Mr Gove has stated that Brexit will allow the UK to take better care of its natural environment, provide additional assistance to farmers and cut bureaucratic costs linked to the European Union’s Common Agricultural Policy (CAP).
Commenting on the Government’s new Agriculture Bill, due to be published today, he told The Telegraph: “It will reward farmers properly at last for the work they do to enhance the environment around us.
“It will help them grow more high quality food in a more sustainable way.
“And it will ensure public money is spent more efficiently and effectively.”
Around 70 percent of UK land is managed by farmers, with 475,000 employed in the sector according to the National Farmers Union (NFU).
Mr Gove claimed the Government’s Bill will “support farmers in getting a decent price for the food they produce” and clamp down on “unfair trading practices along the supply chain”.
He added that once we leave the EU, “we can ensure we devote public money to enriching wildlife habitats, preventing flooding, improving the quality of air and help manage and mitigate the effects of climate change”.
Mr Gove was fiercely critical of the CAP, the EU’s current agricultural programme, saying: “Whilst we have been subject to the rules of the CAP our environment has suffered.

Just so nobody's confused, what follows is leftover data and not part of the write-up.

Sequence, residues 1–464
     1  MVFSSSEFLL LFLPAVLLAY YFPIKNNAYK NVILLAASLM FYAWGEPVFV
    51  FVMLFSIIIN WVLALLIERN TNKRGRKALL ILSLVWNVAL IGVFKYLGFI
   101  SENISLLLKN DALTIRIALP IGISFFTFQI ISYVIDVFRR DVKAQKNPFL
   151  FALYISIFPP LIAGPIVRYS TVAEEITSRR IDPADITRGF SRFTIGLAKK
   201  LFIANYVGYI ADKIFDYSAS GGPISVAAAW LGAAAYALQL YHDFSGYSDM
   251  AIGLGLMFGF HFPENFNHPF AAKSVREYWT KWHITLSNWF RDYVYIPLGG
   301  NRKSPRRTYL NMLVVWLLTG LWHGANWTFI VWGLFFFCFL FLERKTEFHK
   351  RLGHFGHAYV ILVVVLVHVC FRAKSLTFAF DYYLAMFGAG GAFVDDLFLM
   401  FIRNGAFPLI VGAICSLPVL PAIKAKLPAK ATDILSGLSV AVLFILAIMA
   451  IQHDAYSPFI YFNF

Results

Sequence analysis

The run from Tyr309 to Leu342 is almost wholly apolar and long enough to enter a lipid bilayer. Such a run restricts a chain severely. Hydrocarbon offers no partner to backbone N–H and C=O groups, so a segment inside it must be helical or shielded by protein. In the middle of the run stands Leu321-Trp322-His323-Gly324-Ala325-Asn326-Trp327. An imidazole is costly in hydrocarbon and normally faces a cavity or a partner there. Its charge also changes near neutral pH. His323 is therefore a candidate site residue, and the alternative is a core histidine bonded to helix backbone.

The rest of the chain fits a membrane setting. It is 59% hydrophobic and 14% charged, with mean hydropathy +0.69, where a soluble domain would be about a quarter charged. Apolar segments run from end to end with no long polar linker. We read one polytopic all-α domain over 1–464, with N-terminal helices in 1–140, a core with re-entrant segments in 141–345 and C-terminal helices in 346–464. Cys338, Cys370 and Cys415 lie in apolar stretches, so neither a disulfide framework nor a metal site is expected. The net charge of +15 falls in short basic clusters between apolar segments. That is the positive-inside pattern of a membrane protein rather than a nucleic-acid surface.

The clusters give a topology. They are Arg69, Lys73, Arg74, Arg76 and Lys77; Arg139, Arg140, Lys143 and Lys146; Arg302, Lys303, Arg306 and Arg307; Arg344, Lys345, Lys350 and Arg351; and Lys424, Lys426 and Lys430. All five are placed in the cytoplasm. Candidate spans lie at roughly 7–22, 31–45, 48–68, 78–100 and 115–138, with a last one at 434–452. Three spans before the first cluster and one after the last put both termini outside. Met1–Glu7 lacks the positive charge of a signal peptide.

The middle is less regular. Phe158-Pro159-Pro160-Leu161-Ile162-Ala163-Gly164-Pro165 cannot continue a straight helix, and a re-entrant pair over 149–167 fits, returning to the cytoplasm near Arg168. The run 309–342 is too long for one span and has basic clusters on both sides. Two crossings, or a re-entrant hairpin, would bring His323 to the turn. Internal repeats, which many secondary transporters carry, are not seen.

“Valuable habitats have been lost, the number of farmland birds has dropped and the health of the soil has been eroded.
“The complex rules governing this process have inhibited innovation and added bureaucratic costs to food production.”
The CAP imposes a system of agricultural subsidies across the EU, at a cost of nearly 40 percent of the bloc’s annual budget.
It has long been criticised in the UK by eurosceptics, who argue it encourages overproduction and is wasteful.
Mr Gove also announced the Government is planning to introduce a new Environment Bill next year.
He claimed: “This will include a number of measures such as a focus on improving air quality, specific environmental principles and the establishment of a new independent environment body.”
In July, NFU president Minette Batters claimed a ‘no-deal’ Brexit would be “the Armageddon scenario”.
She added: “That has to be avoided.”